Happy Fashion Revolution Day, lovely readers!
Even if you haven't heard of Fashion Revolution, you have probably seen the iconic hashtag #WhoMadeMyClothes floating around and, if you're interested in clothes, you really should be interested in their source. This stance isn't new to us; it's something we have built our blog around. We are all about shopping small and shopping local.
Over the past ten years there have been many moments when high fashion also appeared to be taking its responsibilities seriously, including the "I am not a plastic bag" Anya Hindmarch X Shift campaign to reduce environmental damage, and the organic cotton push of 2012. With constant high profile anti- fur efforts, it seems that sometimes the people who make them are forgotten about, and the collapse of the Bangladesh factory is still fresh in all our minds on this day, the second anniversary of the tragedy. You don't have to be some vegan-hippie-eco-warrior to give a s**t about other human beings. As the (new-ish) adage says, someone is paying the price for you cheap clothes, even if it's not you.
Graphic from FashionRevolution.org
And if, like me, you have a wardrobe of cheap basics purchased on a whim to pull together a specific outfit, fear not! Owning Primarni doesn't automatically make you the devil. Here are some tips to make your current clothes count:
1.) Pass it on! Lend it, sell it, donate it. Make sure your items get a new home and a second life. This is a badly- kept secret of many of the bigger bloggers (such as J for Jen) who buy second hand and then pass it on. It's still fast fashion for you.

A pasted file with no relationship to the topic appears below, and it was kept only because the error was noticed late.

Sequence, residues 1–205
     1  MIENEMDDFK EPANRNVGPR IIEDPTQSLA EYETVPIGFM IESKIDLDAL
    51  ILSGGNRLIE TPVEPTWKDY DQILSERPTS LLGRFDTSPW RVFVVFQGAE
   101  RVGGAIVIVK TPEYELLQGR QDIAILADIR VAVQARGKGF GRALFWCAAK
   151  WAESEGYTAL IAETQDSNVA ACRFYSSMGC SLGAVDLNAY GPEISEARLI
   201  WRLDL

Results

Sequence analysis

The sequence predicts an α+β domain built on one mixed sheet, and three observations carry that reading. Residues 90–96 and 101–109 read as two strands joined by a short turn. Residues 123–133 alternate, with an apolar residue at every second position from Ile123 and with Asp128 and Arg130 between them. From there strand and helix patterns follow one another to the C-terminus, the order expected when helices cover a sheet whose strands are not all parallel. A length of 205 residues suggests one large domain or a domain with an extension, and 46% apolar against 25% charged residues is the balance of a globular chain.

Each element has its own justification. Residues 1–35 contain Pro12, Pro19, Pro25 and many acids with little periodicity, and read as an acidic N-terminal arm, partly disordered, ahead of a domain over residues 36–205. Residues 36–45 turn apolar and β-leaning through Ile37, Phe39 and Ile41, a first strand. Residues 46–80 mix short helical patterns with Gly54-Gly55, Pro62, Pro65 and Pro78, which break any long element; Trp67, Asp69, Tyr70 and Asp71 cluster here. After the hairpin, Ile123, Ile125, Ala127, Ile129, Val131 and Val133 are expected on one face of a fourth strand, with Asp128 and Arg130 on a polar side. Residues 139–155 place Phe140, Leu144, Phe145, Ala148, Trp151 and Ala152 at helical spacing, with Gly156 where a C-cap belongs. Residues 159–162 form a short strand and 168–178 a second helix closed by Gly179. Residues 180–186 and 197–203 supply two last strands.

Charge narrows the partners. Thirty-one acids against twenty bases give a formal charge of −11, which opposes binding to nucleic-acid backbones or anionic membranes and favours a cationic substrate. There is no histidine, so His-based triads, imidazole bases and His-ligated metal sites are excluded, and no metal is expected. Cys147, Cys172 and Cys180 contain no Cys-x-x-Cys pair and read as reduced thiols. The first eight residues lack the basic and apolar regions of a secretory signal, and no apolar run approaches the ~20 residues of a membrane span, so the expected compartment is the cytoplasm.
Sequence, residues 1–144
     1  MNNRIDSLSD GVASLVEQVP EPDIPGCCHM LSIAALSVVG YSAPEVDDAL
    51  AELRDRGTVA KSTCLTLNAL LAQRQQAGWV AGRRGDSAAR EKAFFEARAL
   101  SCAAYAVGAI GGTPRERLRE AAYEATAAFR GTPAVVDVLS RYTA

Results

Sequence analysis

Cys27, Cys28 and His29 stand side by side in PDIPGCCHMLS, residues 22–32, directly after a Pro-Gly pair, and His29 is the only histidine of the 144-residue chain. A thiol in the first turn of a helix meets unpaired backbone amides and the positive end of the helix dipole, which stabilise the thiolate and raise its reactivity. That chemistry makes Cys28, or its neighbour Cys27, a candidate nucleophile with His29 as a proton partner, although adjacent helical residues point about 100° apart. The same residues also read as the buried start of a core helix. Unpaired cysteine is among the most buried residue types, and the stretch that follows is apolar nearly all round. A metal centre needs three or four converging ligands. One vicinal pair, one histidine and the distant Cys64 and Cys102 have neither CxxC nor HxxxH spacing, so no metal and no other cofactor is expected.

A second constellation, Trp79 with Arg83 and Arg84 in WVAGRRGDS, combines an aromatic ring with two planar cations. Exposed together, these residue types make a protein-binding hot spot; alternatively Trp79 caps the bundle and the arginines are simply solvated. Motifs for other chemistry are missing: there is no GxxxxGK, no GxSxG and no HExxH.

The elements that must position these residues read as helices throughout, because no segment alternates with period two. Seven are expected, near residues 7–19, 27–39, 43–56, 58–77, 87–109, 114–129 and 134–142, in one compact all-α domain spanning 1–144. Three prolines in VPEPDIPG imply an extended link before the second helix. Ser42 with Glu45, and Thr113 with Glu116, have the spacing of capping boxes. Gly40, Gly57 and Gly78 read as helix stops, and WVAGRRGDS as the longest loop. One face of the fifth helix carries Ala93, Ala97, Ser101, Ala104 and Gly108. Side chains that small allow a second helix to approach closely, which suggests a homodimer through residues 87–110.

2.) Tailor! Don't let something you have go to waste just because it doesn't quite fit anymore. Take it to a tailor for a few tweaks and you'll get loads more wear. (see events below for more info).
3.) Borrow! We already did a post on this here but sharing clothes can double your wardrobe. And it's free. The best times we've found to do this are special occasions, when you need a fancy outfit to wear just the once. No one will even remember that time your friend wore it when you've styled it up your way.
4,) Customise! Or, to use a term that doesn't remind us of 90s bedazzling, upcycle. Take that item and spin it into something new. With the prod of The Great British Sewing Bee, we are all itching to get our needle and threads out, and this way you don't have to start from scratch.
That being said, both of us are attempting to buy less and buy better. Mostly because we've fallen in love with so many independent designers (as I'm sure you've noticed) but also because we like to support other people. If you need help to boost your eco-fashion credentials without the hessian, there's a great beginner's guide here for Wear to Start and there are plenty of events going on to get you on track: in Glasgow, a pop-up exhibition of What Made My Clothes? will be held at The Lighthouse 11-5 today (Friday 24 April 2015). Sewing extraordinaire Iona Barker will be on hand 3-4pm with a masterclass in upcycling your clothes. There's a film VERT going on at Glasgow School of Art with a range of short films. Online, there's a global Thunderclap Project here.